Building a Rough Cut: The Edit
So we have all these elements. And what I wanna do is I want Thio, uh, play the interview for you, and then we're gonna talk about how we're gonna cut it in the interface someone hit the tilde k. So here, everything is small in the corner. If I want to step up, this will take me back into the higher level where I can see my folders. I want I can look at them as a list. There's the interviews. Well, look at the master shot. And I just want you to sit back and watch this to see what we're working with. So I wanna bring this full screen again. So I'm gonna hit the till day, and we're just gonna play this from the beginning. You'll get to see me, do ah, marker thing. And then we're gonna start working with this footage crap in my pockets. Good. Mhm. Watch first five minutes. All right, We're at speed. So you wanna give us a nice loud clap? There's our sink clap for sinking of all of our camera and our audio. So, Mike, welcome. Thank you. I've seen a lot of work. Real pretty stuff. Tell me ...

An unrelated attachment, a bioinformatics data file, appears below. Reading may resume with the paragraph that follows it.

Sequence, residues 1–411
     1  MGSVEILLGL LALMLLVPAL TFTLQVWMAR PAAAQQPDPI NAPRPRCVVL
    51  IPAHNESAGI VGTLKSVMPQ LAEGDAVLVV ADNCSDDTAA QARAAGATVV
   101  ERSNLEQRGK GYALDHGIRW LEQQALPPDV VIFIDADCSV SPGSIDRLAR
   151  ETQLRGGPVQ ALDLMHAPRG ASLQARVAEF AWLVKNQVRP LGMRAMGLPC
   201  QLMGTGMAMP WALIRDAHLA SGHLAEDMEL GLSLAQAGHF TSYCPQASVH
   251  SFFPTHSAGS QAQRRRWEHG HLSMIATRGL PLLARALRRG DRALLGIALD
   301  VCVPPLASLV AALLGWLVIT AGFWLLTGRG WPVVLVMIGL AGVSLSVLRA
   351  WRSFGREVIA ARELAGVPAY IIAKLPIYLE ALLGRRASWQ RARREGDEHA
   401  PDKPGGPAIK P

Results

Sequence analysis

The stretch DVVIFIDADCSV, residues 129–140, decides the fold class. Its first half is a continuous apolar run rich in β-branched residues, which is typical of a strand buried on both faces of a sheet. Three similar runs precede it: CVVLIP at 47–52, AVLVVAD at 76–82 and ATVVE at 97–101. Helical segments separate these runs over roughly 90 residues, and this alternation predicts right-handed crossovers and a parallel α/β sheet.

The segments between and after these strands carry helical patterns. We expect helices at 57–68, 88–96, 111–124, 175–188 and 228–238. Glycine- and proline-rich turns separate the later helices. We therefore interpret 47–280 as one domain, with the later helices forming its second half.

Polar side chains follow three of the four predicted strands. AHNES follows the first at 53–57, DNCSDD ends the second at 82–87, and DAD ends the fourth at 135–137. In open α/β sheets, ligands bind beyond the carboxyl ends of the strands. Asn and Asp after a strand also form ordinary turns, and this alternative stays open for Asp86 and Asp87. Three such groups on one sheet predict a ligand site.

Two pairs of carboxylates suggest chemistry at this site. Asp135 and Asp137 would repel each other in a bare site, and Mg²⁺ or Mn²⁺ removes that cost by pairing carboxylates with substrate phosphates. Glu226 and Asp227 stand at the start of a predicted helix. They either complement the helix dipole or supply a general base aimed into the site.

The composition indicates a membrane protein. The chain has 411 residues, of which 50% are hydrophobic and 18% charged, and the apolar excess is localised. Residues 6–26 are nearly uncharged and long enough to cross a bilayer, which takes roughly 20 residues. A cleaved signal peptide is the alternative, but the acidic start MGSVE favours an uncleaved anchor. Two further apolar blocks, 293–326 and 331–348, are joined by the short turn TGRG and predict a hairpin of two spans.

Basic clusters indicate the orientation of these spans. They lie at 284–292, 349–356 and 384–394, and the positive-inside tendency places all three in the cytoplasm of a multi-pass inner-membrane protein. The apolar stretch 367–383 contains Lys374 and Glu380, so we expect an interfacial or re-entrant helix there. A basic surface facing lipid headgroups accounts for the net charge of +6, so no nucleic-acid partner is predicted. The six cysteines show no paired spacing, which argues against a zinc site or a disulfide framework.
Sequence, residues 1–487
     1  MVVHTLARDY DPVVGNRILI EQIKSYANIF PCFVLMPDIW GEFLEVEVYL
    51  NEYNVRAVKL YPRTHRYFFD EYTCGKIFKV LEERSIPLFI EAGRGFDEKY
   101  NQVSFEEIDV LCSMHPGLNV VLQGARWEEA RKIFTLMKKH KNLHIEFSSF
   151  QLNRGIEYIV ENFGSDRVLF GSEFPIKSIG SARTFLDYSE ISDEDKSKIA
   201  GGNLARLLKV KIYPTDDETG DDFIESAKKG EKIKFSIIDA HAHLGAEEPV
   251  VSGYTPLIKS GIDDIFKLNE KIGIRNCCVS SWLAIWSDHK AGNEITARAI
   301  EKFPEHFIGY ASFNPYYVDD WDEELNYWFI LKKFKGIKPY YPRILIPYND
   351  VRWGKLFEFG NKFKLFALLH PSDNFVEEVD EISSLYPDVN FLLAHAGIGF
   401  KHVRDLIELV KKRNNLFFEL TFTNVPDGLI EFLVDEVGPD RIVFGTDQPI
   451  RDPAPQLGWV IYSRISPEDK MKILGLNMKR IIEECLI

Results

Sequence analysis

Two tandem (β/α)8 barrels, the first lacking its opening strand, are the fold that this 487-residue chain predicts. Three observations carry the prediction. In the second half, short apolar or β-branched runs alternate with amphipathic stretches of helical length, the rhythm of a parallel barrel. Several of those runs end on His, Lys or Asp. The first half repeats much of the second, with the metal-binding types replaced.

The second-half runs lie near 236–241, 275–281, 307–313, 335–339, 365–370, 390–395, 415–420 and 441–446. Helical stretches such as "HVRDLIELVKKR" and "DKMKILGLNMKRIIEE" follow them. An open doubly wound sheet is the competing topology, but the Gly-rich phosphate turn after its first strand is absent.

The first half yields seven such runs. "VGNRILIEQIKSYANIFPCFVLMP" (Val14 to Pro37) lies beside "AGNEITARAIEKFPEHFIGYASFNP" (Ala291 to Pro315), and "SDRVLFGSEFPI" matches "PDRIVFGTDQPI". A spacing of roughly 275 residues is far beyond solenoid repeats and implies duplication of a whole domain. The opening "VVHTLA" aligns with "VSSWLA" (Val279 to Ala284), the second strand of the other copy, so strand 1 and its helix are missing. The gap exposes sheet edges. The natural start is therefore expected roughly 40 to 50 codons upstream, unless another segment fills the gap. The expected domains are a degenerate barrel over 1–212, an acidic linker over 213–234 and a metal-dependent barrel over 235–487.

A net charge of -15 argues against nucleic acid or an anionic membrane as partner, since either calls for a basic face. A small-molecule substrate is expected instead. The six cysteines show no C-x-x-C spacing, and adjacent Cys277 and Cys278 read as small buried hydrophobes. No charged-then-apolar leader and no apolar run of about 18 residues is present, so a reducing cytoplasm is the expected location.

a little bit about your photography. What got you into photography? Like a lot of photographers I started when I was really young. I think I was 12 years old. My dad bought me in Argus C three. An old film camera was great. It was all manual even gave me a sick Connick light meter. Remember walking around my my little town and had my light meter and my Argus and I just fascinating to me and then getting the film back. It was just such a great learning process, you know, with the old Argus. You had to cock had to cock it separately. The advance the film. So I got lots of double exposures and remember making that mistake, but also remembering how creative that could be. So when I was real, Young is in the photography as the years progress. I just continued to enjoy it as a hobby love photography. And then I resigned from my corporate job a few years back, actually, about 12 years ago now and decided to go into photography full time. So I've been a full time photographer since around the year 2000 and four has changed a lot Now with digital, it's a whole whole new game. Oh, yeah. I started with film and I have slide cabinets full of slides and I've got him all database and I've got them all archived, ready to go. But once digital came, I remember the day I got a Nikon. There was a Nikon digital camera and I started taking my photos with that camera with that Oh, my gosh, I'm never going back to film. And that was the early days of, you know, Photoshop on digital processing, raw photos. But what a difference it's made. Was it that Nikon that twisted? I'm trying to think about that model was Yeah. What was that? You go through batteries like crazy. Like 16 shots is like new batteries. Yes. Yeah. So I had one of those and then my first Nikon DSLR. That was the day I bought that camera. Was the last day I shot film. Haven't shot a film picture since then. I know the feeling. I know the feeling. Do you find that old scale though? That shooting manual needs no light meter. Has that helped with working in the digital world? Oh, yeah, tremendously. I mean, there's no excuse for not understanding exposure and everything around eso aperture, shutter speed. All of that still applies. You need a fast shutter speed to freeze the motion Long shutter speed to get motion blur. You know, all of that still applies, and I use it every single day in my business. Well, aside from business, you do a lot of travel. Photographer, actually take people out on tours. Tell me a little bit about that s O travel photography. I've always loved travel. In fact, I remember when I was young, my wife and I made a pact that we would travel internationally every single year of our life. And so we've always tried toe to do that. But child photography for me, it is a business. I take people on trips around the world. I just came back from Galapagos a couple weeks ago, and the whole purpose of these trips is taking photographers to these places in the hopes of getting great photographs. And so I'm the photo guide. I'm the photo instructor on, but I've set up really great itineraries for for photography. So, you know, Galapagos, Tanzania, Iceland and other places around the world world. We're going to Cuba here in in a few months as well. Really looking for? Yeah, Cuba is one of those places that everyone wants to get to before it changes too much. I know. Yeah, it's gonna change fast, and it already is. Now, what are some of the unique challenges you've had when you've been on the road with photographers? Well, if you got the personalities, photographers like to think, we know a lot of stuff and so there's a lot of personality. Sometimes it comes with traveling with other photographers, but I deal with that with humor, just a good general disposition. But anymore, I think the biggest challenges now with photographers is there are so many photographers in the world, and a lot of us think like we have priority or we should have priority access to places. So now I go to places like Iceland and photographers air everywhere, just everywhere. And so I think that's an issue. It's an issue with the local law enforcement. It's an issue with just trying to find unique shots. It's harder to find a unique shot today, and it was 10, 15, 20 years ago, so It just means we have to work harder creatively. Now I know you do a lot of large scale images. A lot of people. I'm going to stop it at this point because there's a whole another chunk of the interview. But my goal here was for me listen for key things that I wanna tell the story and also see, well, what's superfluous and for you all to have a better understanding of what we're working with. So what you would do is, if you're working with an interview, you could write notes. And so I really like the sound bite, and I want to show you a couple things in the interface on the lower left hand corner is basically where you are in the clip for most cameras that you're working with. It'll probably started zero and go through whatever the duration of the clip is, and you'll see it as four digits, hours, seconds, minutes, frames of video. Okay, so you'll see that there's there's four numbers down there, and so you could do a paper edit and write down all. I like the sound bite. As a matter fact, you don't even need to be in some editing programs. Sometimes just watching these, you can find the duration and just quick time or whatever you're watching it with. So that's something to keep in mind so you can write notes. Uh, you can also start marking it, and on the right side E pan over to the right side. There we go. There's another set of numbers. That's the total duration of the clip. Okay, keep that in mind, because this will be useful, because once you start selecting parts of a clip where you Mark and in and out point, that number will change, as that's how much time is between the beginning and the end of the section that you want. So there's two very valuable numbers for you to reference now. The computer remembers all this, so you don't necessarily always have to. But this is something that will be very useful as you go down the line. So let's go ahead. I have I want to start laying down and creating the interview. So I have the four cuts and I wanna basically work with these four images. So I'm gonna step into that folder. I'm gonna step into the bin you'll see them referred to as bins inside the video applications. This is kind of a standard comes from the old film days when literally strips of film would hang over big canvas bins and they needed a shot that pull it down. But we still use the term bins. And so I'm going to step inside if you double click, and I don't want you to double click if you double click. The end result is you get this ugly floating box that just blocks your interface so you want to step into it. And so if you hold down the command key on Mac control key on Windows and I click, it lets me step into this without cluttering my interface So you don't have these things. So that's very useful tool holding down the command key. Ah, there is another option. You can also I'm going to step back up if I hold down the option. Are the all turkey. When I do that, I want you to see what happens here. I'm gonna bring this full screen so I have all these tabs. But if I hold down the option key and I double click it opens this up as its own discreet tab. Very useful tool for organizing. I'm moving that tab over to the left. So now I have a tab here with just my interview clips and I'm gonna look at that in a Nikon view. Make it bigger. And I have a tap here that has the list of all my footage. So I can very easily jump back and forth if I wanna be able to dig and find something without having to, like, hunt and dial up and dial down very easy to Dio Let's go ahead and decide what we want we want. The first thing we need do is we need to make a sequence we need to make you know, basically the template to drop all our stuff into. It will do that automatically if you drag a clip into it. If I drag any clip into this, it will automatically create a sequence, name the sequence after the clip and have all the parameters match that clip. That's great if all your footage is the same size, same source, but sometimes you might choose something at a lower resolution like 12 80 you know, 7. 20 p it would be called, or sometimes it's 10 80 p. All these different terms that we talked about in the first day, Um, sometimes it might be ultra high definition and don't want big, ultra high definition, 4000 pixel image when everything else is gonna be smaller. So you want to generate for most of the time you're a new sequence from scratch. I'm gonna undo this Command zee controls the same undo functions that you would use in almost every program and under file. I'm gonna go new, and I'm gonna say new sequence and gracefully try to do that. They would go new sequence on. By the way, if you make a new see a new document in, say, a word was a keyboard shortcut command and control it same thing if you want to do it quickly. A lot of these are very intuitive keyboard shortcuts. It's gonna give you this crazy, confusing dialog box that says, and this I'm sure if you've ever opened it up and look and says, uh, thes air, all these different flavors there broadcast stuff, no idea. Don't worry about it. You're probably gonna use most of the time digital SLR 10. 80 p. That's standard high definition. Okay, that's 1920 by 1080 pixels. 30 frames a second as your default. Sometimes you might record things. Films air 24. People say the film Look, the film look is a lot more than shooting at 24 frames a second. But general video that we've been seeing for years is 30 images every second in an aspect ratio off widescreen of 1920 by 10 80. If you choose that, the odds are that everything's gonna work very smoothly for you. That's what you're gonna wanna use initially until you get some unique client that says, Oh, it has to be square or something. Not gonna go into that, create a new sequence and all the key thing is naming it. Otherwise, you have all your sequences named sequence. Let me zoom out a little bit. So all I did was I selected Digital SLR. As a matter of fact, the next time I create a new sequence is gonna remember that was my last one. It always go back to that and then I'm gonna give it a name. Name is gonna be interview MH for Mike Hagen and not worry about anything else. Go with the defaults. It gets put inside the project file. It's not started. Another part of your computer is actually in the project. You'll see. It's great here and now I have this timeline, and now when I go ahead, if I bring a clip in and let's go ahead and start the interview and we're gonna actually mark some things and look at the interface. So we all I did is I wanted to bring this first clip in to bring a clip in from down here. I'll make this little smaller so you can see this is I can do again. Many things I can double click loads it into this source viewer. I can drag. It goes into the source viewer. You can even right click, and there's the option to open and source monitor. Okay, always to get it in so I can see the clips. I want to start with my master shot gonna double click on it. And now we're gonna work on picking the part of the shot we want and bring it into our show. And so I talked about transport controls earlier in the lesson. So these are the little buttons here. Instead of making this big, I'm going to zoom in, because that way, the buttons will be easier to say. So if I wanted to, I could hit play on as I'm playing you see this? Play head moves. This is basically if this was a VCR or something, where the tape head hit the tape. Okay, that's the frame of that Are the frame of film I'm looking at. Okay. The one image so I can scrub through it by dragging it very quick. Space bars play crazy, like 16 shots. And so what I want to do is I wanna be able to go through this quickly. Now you can hit play. You can hit thes a little fast forward buttons down here, but I'm gonna have you use some basic keyboard shortcuts to start with. So if it was playing, you know, there I could go forward to frame. I could fast forward what I want you to do is well, you can use your right hand advanced let energies the left hand south by Jews left hand. Everybody argues about that. Okay. On the keyboard there are three keys J, K and L J. If I press, it will play backwards. Okay, k will pause. L will play forwards, okay? And my thumb is also a nice thing for the space bar. So if I hit the J key, it plays backwards. If I hit the l key plays forward, K will stop it. Now that's nice, but let's leverage the power of this if I want to. Fast forward, I could tap the Elke a couple of times. E I'm hearing. It's kind of a high speed if I tap it again, it's even faster up there, I think 32 or 64 times normal speed. So that's L just multiple taps. If I do, J does the same thing very quick way. And by the way, these controls work. Whether you're looking at it in the source monitor, whether you're looking at Media and the media browser in the project panel are even in your timeline, J. K l use it all the time. It also allows you to do is done very precise skimming of your media. So if I hold down the cake and tap l okay, that would be forward. I move forward one frame at a time. Very precise. If you notice in the bottom left hand corner of the screen, you can see that 26 27 28 29 0. Okay, that's 30 frames a second. I could do the same thing in reverse. K and J. It's going backwards. I can also scrub in slow motion by just holding down the K in combination with either the chair of the L. So K and l slow motion. 1/4 speed. Okay, gives you some very precise. So this is important. This is navigation you will constantly use and you could go through this. I also want to point out we can hear the audio. We can see the video, but we can't see the audio. Sometimes it's nice to cut if you could see what's an audio way for. And you can easily switch between seeing the video and seeing audio by these little icons. One looks like a piece of film. One looks like an audio way form. And so if I go over here, I can ask minority way forms shutter speed to get motion so you can see exactly where a person speaks. Okay, so that's a little idea of how you navigate through this. How many people think that's pretty hard to see exactly where the person is changing? There weren't exactly. It is. It's very hard to see that because we're looking at everything. We're looking at the whole 10 minutes. So if I want to zoom in, I can use the plus and the minus keys on my keyboard. That, plus is the equal key. Some people give me a hard time about that, but the the equal key in the minus key. But where the puzzle Let's zoom in down to the sample level literally, and I can see this in great detail. So minus brings me back Plus brings me in. And if I zoom in and move something over here, when I jump back to video, it matches. So that's how you start navigating through the clip and picking this section you want. Now the thing is, when doing a rough cut, you don't have to be super precise. You can leave things a little bit fact. Okay, you have some handles on it because when you go in and do your fine cut That's where you can trim out that extra breath of that extra word. Okay, you have the same control once. It's in your sequence, and you just want to kind of get the feel of this, the flow of this and develop a rhythm. So what we need to do is we need to mark in and out points. So I'm gonna go back here, and I'm gonna just eyeball this. I hit, I slap my hands together, toe sink my cameras. If we wanna do that later, we'll look at that to Mike. So I got Mike. So I'm going to start this here. I'm using the J and the K together on now. I wanna market in point. There are buttons to mark your in and out points. Okay. Where I want this clip to start. Okay. It's a little left and right bracket. Don't use those you can, but don't, because your fingers already on J. K and l, right. Well, luckily, 115 years ago, when they defended invented the Quartey keyboard for a typewriter, they put the I in the okay, which stands for in and out, right above J. K and L and So without even moving my hand, I can find the spot. I'm gonna hit the I key, which is right above Jane K. And you see, I have now marked the in point of where I want this clip to start, okay? And it's gonna run all the way to the end unless I'm marking out point. So take a note. There's the time on the show. This is the duration of the clip. That's gonna change as soon as I find an outpoint you might welcome. Thank you. Um, I've seen a lot of work. Real pretty stuff. I've seen a lot of your work. Real pretty stuff is what I just said. God, market out point about what happens. Boom. This is five seconds. That's a good length for a shot. We'll talk a little bit later on about rhythm and whatnot. So there it is. There's my into my outpoint, ready to bring this into my timeline. So I marked my in and out point, and you can use keyboard shortcuts. We're gonna drag initially, and I'm gonna just drag this clip down to my timeline and just drop it right at the left edge. Be careful If you let go here, it will land there. And the first couple minutes of your show will be nothing. Okay? If you do that, you could always grab it and move it to the left to the wall. Now, that's kind of hard to see. I don't see a lot of detail. I'm pretty zoomed out. In my timeline, we use the plus and minus before to zoom into our audio way form same keyboard shortcuts. Let me zoom in to my time. I know I'm zooming in. The problem is, it's at the very beginning, so I have to scroll to see what it is. But there you can see I zoom in and there's my clip. And if I wanted to play it, I select the timeline. Hit the space bar. Welcome. Thank you. Um, I've seen a lot of work. Real pretty stuff. Okay. You know, how do you work? Real pretty stuff. We have the first clip in my timeline. Timeline is gonna be the order. I talked a little bit about this. I want to zoom in. Just you have understanding of the tracks. We looked at this earlier, so we bring things in there is our video. There's our audio. Okay, if it's, uh, depending on how it was recorded, and we'll look at this an audio, it could be a single mike. It could be both mix. If you have, like, a stereo camera mike on the camera off its into that one track of audio. That's the that. That's that sound that goes with that video if I want. If I was gonna put a title on, I might put it on the track above with the Transparency Channel. Okay, name graphic, whatever. We start building things up. If I wanted to do a cutaway of his photos, I could put it above because you don't see what's below. Okay, so we'll look at that that compositing well, actually do a whole chunk on that when we look at motion and animation and graphics. So we laid that in, um, I consume in If I want to play in the timeline J k L Space Bar all works the same. And what you see here now in this right window is you see the visual what the viewer sees, and this is the graphical representation down timeline audio way form, which by the way, you can make bigger and smaller if you can't see this. Well, uh, if you hold down command and Plus are controlling plus on windows, you could make it bigger. Now see a little icon of that. And then if you hold down option or Ault, you could make your audio bigger. See your way forms. Very useful. Very useful place to navigate. Um, you can also just track put your mouse in there. You can use the scroll wheel. I could make this manually bigger if I want. And we'll look at some more time. Nine navigation throughout the course. But now let's just get some more clips in tow into play. So we have our first clip. I want to see the whole clip so I could hit the minus key. Now I see my space. And if I wanted to cut to May Now I can in here double click. I'm gonna pick up where I start talking again. Come to a close up of may. I even gave me a sick connick light meter. Okay, there's our si com using J k l. All of our members and our audio Mike. Welcome. Thank you a lot of work. Nobody stuff talk a little about your photography. What got you into it? So what? Got a lot of work? Well, a pretty stuff market in point with the Ike found that the point. I'm gonna hit play again. Tell me a little bit about your photography. What got you into photography? Like a starting out point in and out. You see, it's down there If I need to zoom in on this a little bit, okay? I'm using the same plus and minus keys. It's not zooming my image. It's just letting me look tighter on the timeline instead of having to see it like this. I'm just looking at that small chunk. Easier to navigate. Easier for you to see. Plus and minus. It's easy. Just remember that, okay? And so I'm gonna now market out point uh, the okey right above. Now I have that clip. So I marked it here because I marked it here. It should also be marked in my bins so I could grab it in, and you notice if I just drag it across so you could go through and mark a lot of in and out points and bring it in. Remember, if I let go here, it lands there. I want it next to it. So I have a flash frame by default. It will snap like magnets to the previous clip. If that doesn't happen, you've turned off something called snapping. Guess what? The keyboard shortcut for snapping is s. So I just hit the S key and it turned off snapping. And now I could It doesn't lock in, and I could actually write it over. There are times when you hit the ask you to turn it back on again, by the way, and just so you can see visually, remember I said, it's like a magnet on off. Okay, so if you see that it's not snapping, you could turn it on. Sometimes. When you're working with audio, you don't want to snap to the wall, so you'll turn it off. But most the time of the video you wanted to snap. So you have those spaces? Yes. So I noticed. Now you've basically pulled two clips to in and out points that are totally adjacent to one another in your original video. Why would you do that? Well, in this case, I'm switching cameras, so I want this for visual variety. So a lot of times we just wanna change things up. Now the whole point of editing is a to keep your audience interested and for them not to see the edit. Ideally, you don't want them to feel the editing. You want them to enjoy your show. So it's just visual variety. If if I was talking to the crowd thio the whole audience, I would like Hello. But then if you asked a question, I would look at you. I would be now a close up. You would be a close up to me. So we're trying to recreate that, and that's why we would cut their and, you know, the white shots not is interesting. We want to see introduced the two of us to establish the shot. Now, introduce the person doing the interview. Then we're gonna cut to Mike. Now, I may eventually trim out part of my question on. I also will probably trim out part of his answer. I'm not gonna use the whole interview. I'm gonna use selected chunks to tell a specific story. Actually, I'm very interested in his travel adventures and I have footage for that. So I'll probably have a whole chunk about, you know, his early camera time. And then I didn't even play for you when we talked about Panorama. Because I want to tell a specific story. And when I was watching the video, I was saying, Okay, this is a really good little sound bite, and I have video to cover it. This is a good sound bite. Have video cover. It's like he repeats himself here. So I know I want to remove it. And that's what we're trying to do with this initial rough cut is just bring things in and start to tell that story, Okay? These air called they could be called either insert or overwrite at its. At this point, I'm just dragging it in its placing it next to each other. But I'm gonna go ahead and show you just a couple of other ways that you could bring this in again. I'm throwing a lot of keyboard shortcuts at you. You don't have to memorize them all. There will be a short cut sheet. I'm gonna show you how you can even find it from Adobe. But remember that? Plus and minus. Well, if I use shift plus and minus, it actually lets me toggle shift. Plus, I get to see everything bigger shift minus smaller. This is just a nice quick shortcut to say I want to see more detail. I want to see less detail. Works for all all the lines. So I just brought that down so you could see it better. We're gonna get a mic talking again toe load it in, double click. And we're gonna do this quickly because we'll clean it up later. Out. Your photography. What got you into photography? Like a lot of photographers. I started when I was really young. I was 12 years old. My dad bought me in August. See three old film camera. It's great. It's all manual even give this iconic light meter. Remember walking around my middle town and have a light meter, so that's kind of nice. Had my light meter. I wanna bring this in and I want to start using really controlling this without always having to drag it down. So if I have the play head part and I hit one of these buttons here in sort of override, We're going to use the overwrite. But now it doesn't matter because there's no other video there. The keyboard shortcuts for those are comma and period. Okay. Overwrites the period kids right below J K. L. So if I hit the period key right now, it looks like we lost what we did. We just need to zoom out on our timeline. Um, minus key would do that. If you want to quickly zoom out in your timeline The backslash, Kate. Okay. If you hit the backslash key, it shows your whole timeline all at once. You hit it again. It goes back to the same view you had before. So that was a very used back slash I use a lot. Okay. It's right underneath the delete key above the return key. Okay, so I see this whole thing. It put the clip where that play head was part it had to know Where do I wanna put it? Since I didn't drag it, it put it with my play head was parked, so I'm gonna hit on. Do. And this is an important concept toe. Get if I hit. Undo on. I moved the play head. Now to the beginning or the end of the clip, and I could do that very easily. Um, I could drag it, but unless you turn on a preference that says snap the play head to the end of the clip, it won't snap to it. I'll show you how to do that in the next lesson. For now, the up and down arrow key jumps you between edit points. Very, very useful. So if I hit the up key, I go backwards to my edit points down key. I go forwards. So now I know exactly where I wanna be. Now if I go ahead and hit that period, key puts the clip exactly where I want. Okay, so the play head is the default of where your clips going to go in. Now that I've made that rule, it's time to break that rule because we've learned marking in an outpoint hit undo. So if I'm Mark, if I move my play ahead here and I'm market in point, the in point play cards I was gonna call it spades, but it's ah, bridge Trump card, right? It beats everything, so that takes the place off with the play headed. So I've marked an end point. We can see it's right there. I don't care where this is As soon as I hit that but in tow overwrite the period key are this? It puts it with the endpoint, is so in in point, Supersedes the play head. Okay, so just something to mark. So a lot of times you'll you know, the play had usually jumps to the end of the clip, as you put it in. So if I'm editing quickly, it works very nicely hit on. Do gonna bring this in going to remove my endpoint. So I know is in and out. There's an optional way to remove it. Take a guess what? The optional way to remove an in and out point is an optional way to remove the in and out point. Maybe it's an alternate way. If you're on Windows option. I'm not option. I option removes the end of the out. If I want to do that option, I in points gone. So now I don't have to worry about it. My play head to the beginning. Clip is selected. Bring it in. You'll notice the play head now comes to the very end, ready for the next one to come in, so I don't have to keep worrying about it. So if I don't wanna go in and mark ends and ends and ends, I'm just slugging a bunch of clips in for an interview. That is a great way to do it.